Peter Meyer at the Karkloof Falls, a place he used to walk to as a child. Picture: Motshwari Mofokeng.
Peter Meyer chats to Clinton Moodley about his new book, The Boy From The Wild. 

Tell us about your life in London?

It is a multicultural city with great opportunities. It is a great place for me because of my work but I feel a stronger affinity to London as it is where my father James was from.

What made you decide to write The Boy from the Wild?

I always wanted to talk about my childhood and growing up at Karkloof. My father wanted me to be humble and not paint an arrogant picture of growing up in the wild. I kept it very quiet but that all changed when I visited South Africa two years ago. My time there made me realise that I had a great story and I wanted to pay tribute to my dad by sharing it.

Even as a child, he loved exploring.

How long did it take to write the book?

The book took around eight months to complete. Graham Spence, who wrote The Elephant Whisperer, co-wrote the book with me. We had many late nights and ate lots of bacon sandwiches at my house, while I reminisced about my life. The book is an easy read. I wanted people from all ages and backgrounds to be able to pick up the book and enjoy my journey.

Are there life lessons in there, too?

There are many lessons, including ones about opportunity, forgiveness and turning dreams into reality. If you are lucky to have your parents, learn to say thank you when they are alive. Always make every second count.

Peter with his late dad James.

Can you tell us more about the time you spent with your dad?

My father was amazing. He had vision, drive and ambition. He was one of those people who could see the bigger picture. He had a wonderful sense of direction. He taught me valuable lessons, gave me many opportunities and the freedom to be who I wanted to be.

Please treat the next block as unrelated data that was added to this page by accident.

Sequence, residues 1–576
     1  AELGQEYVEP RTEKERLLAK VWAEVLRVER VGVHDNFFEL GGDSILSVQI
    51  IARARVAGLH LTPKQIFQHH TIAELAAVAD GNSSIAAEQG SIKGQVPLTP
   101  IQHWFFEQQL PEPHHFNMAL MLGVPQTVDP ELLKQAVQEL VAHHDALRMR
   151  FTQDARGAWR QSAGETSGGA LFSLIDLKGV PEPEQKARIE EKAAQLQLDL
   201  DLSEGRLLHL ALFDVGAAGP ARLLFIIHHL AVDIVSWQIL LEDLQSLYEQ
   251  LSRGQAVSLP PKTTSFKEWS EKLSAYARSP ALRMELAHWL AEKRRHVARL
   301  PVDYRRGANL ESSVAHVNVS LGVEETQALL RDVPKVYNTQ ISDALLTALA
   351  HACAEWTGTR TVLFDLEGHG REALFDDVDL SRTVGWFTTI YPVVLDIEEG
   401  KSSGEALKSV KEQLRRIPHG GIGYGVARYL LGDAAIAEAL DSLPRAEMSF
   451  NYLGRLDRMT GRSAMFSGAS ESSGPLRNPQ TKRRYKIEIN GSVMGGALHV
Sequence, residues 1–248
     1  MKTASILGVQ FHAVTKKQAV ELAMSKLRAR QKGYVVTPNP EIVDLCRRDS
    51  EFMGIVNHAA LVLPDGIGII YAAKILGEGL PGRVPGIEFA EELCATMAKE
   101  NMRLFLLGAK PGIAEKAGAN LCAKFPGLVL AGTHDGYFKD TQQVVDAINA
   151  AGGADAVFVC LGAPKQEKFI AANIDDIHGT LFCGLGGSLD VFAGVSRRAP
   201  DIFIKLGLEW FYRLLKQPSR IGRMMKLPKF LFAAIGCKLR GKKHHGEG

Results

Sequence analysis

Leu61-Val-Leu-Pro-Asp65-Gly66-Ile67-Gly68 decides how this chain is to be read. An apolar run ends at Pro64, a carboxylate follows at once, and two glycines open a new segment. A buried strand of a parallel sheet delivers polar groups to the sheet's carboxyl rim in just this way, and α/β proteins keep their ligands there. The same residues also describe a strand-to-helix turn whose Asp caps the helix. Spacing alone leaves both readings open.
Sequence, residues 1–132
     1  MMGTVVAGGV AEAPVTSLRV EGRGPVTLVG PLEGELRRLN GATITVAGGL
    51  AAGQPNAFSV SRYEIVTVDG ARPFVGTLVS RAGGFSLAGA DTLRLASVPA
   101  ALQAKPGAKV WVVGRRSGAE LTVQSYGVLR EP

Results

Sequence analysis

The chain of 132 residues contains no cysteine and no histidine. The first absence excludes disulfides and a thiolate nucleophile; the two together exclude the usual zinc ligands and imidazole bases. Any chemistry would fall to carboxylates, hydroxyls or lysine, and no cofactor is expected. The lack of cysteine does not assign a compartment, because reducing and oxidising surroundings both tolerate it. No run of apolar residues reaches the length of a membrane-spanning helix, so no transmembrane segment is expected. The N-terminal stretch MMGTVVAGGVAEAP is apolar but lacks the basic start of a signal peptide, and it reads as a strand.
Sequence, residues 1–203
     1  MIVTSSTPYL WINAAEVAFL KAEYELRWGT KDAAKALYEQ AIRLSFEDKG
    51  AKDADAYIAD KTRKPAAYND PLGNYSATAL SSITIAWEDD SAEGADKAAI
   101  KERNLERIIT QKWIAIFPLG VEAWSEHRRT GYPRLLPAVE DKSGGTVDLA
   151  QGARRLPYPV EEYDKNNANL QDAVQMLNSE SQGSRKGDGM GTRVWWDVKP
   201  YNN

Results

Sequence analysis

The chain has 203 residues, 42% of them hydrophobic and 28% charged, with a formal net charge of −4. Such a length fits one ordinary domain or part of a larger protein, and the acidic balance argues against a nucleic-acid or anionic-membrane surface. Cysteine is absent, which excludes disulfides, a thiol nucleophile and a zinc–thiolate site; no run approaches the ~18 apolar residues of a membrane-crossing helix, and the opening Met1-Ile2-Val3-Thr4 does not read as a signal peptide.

How did growing up in nature mould you into the person you are today?

Having a lot of freedom at a young age taught me to be responsible. I had a chance to learn from my mistakes and experiences. Living in the wild also taught me about patience and how to connect with the animals.

From dangerous encounters with rhino, buffaloes and the giant legavaan, what is your advice for people who may encounter them?

You will have to handle each animal differently. For instance, nyalas are not aggressive animals whereas rhinos are more guarded and fully alert. Travellers will know the signs of animals even before they encounter them. They will have to look at key signs like the type of spores, footprint tracks and their surroundings.

Peter took a group of media on a game drive...

What are your tips for those who may encounter snakes on their outdoor adventures?

I have had my fair share of snake encounters. Travellers should always be cautious of their surroundings. Snakes are not there to harm you but they will protect themselves if they are threatened or feel in danger. If you do have an encounter, keep your distance and try not to pick it up. If you are bitten, try to remain calm and do not cut or suck out the venom. Once you wrap the wound, get help as soon as possible.\

Media saw many antelope, rhino and buffaloes during the game drive.

What have your travels taught you?

Travel is one of the greatest investments you can make. It opens your eyes to the world out there.

How can South Africa attract more tourists?

Crime remains a deterrent. The country can promote its many offerings when tourists feel safer.